He asked the fisherman to put out into the deep water. You lean this way and that trying to see what was going on. Can you see anything? Can you hear anything? Maybe you can see the surface of the water roil and boil with the activity of the fish. Maybe you can see the men straining to pull in their nets. You see the other boat going out to help, and then watch the two boats return overflowing with fish.

            What is it with this Jesus? How is it that such amazing things happen in his presence?

            Why did you follow him out there? Were you just curious? Or were you searching for something? Hoping for something?

            In Luke’s account of the call of the disciples, we never heard Jesus say, “Follow me.” He simply declares, “From now on you will be catching people.”

            He does not need to extend the invitation. He knows what is working in their hearts. He knows that they will follow.

            How could they not?

            What about you? What about me? What about we? How could we not follow as well?

            But … what does it mean for us to push out into the deep water?

            A few weeks ago, I shared the story with you about how I nearly drowned when I was ten years old. I went swimming right here in Ocean Park when there was a storm approaching and got caught in a riptide. I was being pulled farther and farther out until someone swam out and pulled me to shore.

            For years after that event, I never swam at high tide. I was terrified of the undertow. I was afraid of the deep water. Whenever someone asked if I wanted to go to the beach, I would always check the tide chart. So you see, I did not mind the shallow water of Galilee.

            But Jesus knew that one does not catch fish in the shallow water. You have to drop your nets where the water is deep.

            Too often, churches … and the Christians that gather there … want to stay in the shallow water. It is nice there. You can wade, dip your toes, maybe even set up your beach chair and let the gentle waves lap at your feet. It is safe in the shallow water. You can see the bottom and you are close to shore.

            However, sometimes we need to push off from the shore. We have to venture out into the uncertainty of the deep water. We have to be willing to do things in a different way.

            Let me point out that Jesus never told Simon Peter, Andrew, James and John that they were doing anything incorrectly. He never implied that they did not know how to fish. Instead, his lesson was that their efforts combined with his power resulted in a very different outcome.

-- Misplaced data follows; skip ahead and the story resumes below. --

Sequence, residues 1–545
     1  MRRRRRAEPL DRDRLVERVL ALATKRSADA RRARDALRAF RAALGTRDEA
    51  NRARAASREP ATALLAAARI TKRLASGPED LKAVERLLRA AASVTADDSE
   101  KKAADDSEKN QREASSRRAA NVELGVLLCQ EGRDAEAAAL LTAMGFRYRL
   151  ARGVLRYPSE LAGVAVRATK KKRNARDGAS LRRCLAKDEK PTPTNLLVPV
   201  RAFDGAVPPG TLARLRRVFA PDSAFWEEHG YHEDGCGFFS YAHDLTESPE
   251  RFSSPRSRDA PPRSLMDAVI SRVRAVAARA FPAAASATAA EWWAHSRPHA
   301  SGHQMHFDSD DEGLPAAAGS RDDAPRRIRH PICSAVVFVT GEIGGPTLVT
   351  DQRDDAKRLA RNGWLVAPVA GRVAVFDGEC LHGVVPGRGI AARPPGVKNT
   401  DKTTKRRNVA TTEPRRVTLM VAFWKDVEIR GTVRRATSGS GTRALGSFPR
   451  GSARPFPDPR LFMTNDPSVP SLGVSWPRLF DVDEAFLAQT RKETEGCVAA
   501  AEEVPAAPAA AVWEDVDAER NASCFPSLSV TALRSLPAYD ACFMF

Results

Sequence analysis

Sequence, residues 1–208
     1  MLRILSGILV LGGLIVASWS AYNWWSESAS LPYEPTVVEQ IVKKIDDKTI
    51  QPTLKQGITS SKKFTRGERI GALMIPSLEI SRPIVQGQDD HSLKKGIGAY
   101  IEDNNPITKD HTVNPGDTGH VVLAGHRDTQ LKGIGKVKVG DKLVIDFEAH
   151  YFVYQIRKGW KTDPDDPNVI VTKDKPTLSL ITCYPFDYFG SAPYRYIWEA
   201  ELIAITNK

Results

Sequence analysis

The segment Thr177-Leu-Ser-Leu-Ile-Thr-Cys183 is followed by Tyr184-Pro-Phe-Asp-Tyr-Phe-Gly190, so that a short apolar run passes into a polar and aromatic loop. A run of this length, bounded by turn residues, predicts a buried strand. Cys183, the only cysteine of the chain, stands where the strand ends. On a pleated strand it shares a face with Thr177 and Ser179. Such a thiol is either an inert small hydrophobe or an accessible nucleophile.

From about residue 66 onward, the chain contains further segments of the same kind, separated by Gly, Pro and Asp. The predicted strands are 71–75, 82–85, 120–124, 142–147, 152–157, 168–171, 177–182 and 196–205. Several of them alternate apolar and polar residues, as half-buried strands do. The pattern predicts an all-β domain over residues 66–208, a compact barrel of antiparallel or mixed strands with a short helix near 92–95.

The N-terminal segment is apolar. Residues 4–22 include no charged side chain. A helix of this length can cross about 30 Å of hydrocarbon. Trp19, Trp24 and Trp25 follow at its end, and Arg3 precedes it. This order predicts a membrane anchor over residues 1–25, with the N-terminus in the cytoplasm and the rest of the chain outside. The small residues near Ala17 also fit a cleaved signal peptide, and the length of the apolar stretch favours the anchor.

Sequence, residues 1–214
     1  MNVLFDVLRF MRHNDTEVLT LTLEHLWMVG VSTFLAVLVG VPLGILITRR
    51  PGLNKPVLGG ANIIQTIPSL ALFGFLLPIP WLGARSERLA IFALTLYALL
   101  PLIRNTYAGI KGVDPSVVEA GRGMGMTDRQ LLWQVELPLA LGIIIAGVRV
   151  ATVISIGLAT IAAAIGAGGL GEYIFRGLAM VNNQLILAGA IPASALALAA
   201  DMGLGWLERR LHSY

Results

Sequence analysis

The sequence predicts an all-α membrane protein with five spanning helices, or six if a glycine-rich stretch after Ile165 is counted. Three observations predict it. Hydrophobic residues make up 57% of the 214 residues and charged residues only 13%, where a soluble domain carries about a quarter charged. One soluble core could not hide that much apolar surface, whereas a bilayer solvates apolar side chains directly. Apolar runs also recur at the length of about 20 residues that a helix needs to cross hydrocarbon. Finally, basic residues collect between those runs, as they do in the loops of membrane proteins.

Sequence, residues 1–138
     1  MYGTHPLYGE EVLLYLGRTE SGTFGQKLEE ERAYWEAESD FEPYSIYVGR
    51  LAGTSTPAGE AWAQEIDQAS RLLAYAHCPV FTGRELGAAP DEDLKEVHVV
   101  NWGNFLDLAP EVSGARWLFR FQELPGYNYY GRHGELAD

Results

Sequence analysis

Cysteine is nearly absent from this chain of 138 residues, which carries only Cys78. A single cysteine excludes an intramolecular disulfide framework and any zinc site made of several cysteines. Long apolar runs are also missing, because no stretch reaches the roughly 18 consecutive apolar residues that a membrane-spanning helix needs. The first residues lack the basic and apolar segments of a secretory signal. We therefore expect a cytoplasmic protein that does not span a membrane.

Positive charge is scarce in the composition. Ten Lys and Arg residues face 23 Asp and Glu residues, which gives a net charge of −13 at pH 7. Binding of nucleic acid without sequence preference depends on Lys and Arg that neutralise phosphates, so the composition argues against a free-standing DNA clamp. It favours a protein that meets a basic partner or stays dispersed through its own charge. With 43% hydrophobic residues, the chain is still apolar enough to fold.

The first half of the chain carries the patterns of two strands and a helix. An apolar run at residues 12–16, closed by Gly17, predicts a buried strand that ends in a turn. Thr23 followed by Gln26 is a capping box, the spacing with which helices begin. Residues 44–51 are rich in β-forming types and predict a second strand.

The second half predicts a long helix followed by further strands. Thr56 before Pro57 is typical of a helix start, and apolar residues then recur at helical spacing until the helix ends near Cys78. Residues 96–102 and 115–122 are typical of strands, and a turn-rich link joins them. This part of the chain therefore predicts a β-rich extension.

In the same way, we need to listen for the leading of Jesus Christ. We must allow ourselves to go where he calls us. He may ask us to continue with what is familiar, or he may call us to do something completely new.

            Jesus left the synagogue and took his message on the road. Jesus met Simon Peter, Andrew, James and John where they were … in their boats. He did not wait for them to wander into the synagogue, he went to them. He met them in the midst of their everyday lives, and he showed them the power of his presence in their lives.

            This lesson speaks to us today. Whoever we may be in the story, or wherever we may be, this lesson still speaks.

            Some folks may be like the fishermen. Some folks have been laboring long and hard. Some people are tired and frustrated. They do not want to push off from the shore. They have worked and have nothing to show for it. They may not feel the presence of Jesus in their labors anymore. They may be doing what they have always done because that is what they have always done.

            Some folks may more closely resemble someone in the crowd on the shore. Some folks are following, searching for something. They may be pilgrims searching for something, but they may not know what it is. They may be looking for a release from a burden. They may be searching for peace. They may have heard something about this Kingdom of Heaven, and desperately hope to find their way there.

            Whoever we are in the story, Jesus is speaking to us. Jesus is inviting us. Jesus is calling us to journey with him.

            “Come with me into deep water.”

            “Come with me and find your peace.”

            “Come with me. Follow me to the Kingdom of Heaven.”

            Amen.